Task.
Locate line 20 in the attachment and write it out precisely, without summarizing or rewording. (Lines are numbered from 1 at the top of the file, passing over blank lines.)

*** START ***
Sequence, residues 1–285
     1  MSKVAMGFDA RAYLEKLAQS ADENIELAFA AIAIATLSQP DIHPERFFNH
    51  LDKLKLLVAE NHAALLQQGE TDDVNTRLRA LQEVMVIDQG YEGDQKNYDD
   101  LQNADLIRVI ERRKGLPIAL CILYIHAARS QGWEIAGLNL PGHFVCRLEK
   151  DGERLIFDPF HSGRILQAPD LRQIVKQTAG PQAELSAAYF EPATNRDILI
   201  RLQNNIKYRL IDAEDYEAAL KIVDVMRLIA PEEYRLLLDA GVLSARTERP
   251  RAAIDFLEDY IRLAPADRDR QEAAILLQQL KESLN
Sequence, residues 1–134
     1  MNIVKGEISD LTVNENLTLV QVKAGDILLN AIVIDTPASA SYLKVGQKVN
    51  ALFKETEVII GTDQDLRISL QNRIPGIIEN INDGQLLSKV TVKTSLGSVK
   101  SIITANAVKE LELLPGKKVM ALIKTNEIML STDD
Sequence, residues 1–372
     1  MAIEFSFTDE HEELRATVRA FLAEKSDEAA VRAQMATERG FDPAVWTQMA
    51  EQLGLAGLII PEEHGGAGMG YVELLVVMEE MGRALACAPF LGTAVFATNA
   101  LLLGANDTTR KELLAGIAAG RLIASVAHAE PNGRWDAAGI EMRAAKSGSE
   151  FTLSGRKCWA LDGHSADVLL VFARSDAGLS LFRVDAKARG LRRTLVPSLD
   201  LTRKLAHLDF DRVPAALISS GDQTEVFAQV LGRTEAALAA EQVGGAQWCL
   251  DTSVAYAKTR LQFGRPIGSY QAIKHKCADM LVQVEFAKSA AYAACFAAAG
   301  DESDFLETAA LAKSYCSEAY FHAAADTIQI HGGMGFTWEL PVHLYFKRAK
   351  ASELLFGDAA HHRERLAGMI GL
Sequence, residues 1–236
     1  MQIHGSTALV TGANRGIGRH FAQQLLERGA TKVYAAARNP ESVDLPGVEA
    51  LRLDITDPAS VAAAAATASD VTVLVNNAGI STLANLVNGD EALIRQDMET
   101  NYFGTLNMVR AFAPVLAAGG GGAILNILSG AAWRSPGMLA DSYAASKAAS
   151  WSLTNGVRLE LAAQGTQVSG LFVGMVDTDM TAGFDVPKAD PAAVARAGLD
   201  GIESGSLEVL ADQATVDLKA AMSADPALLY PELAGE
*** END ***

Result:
   351  ASELLFGDAA HHRERLAGMI GL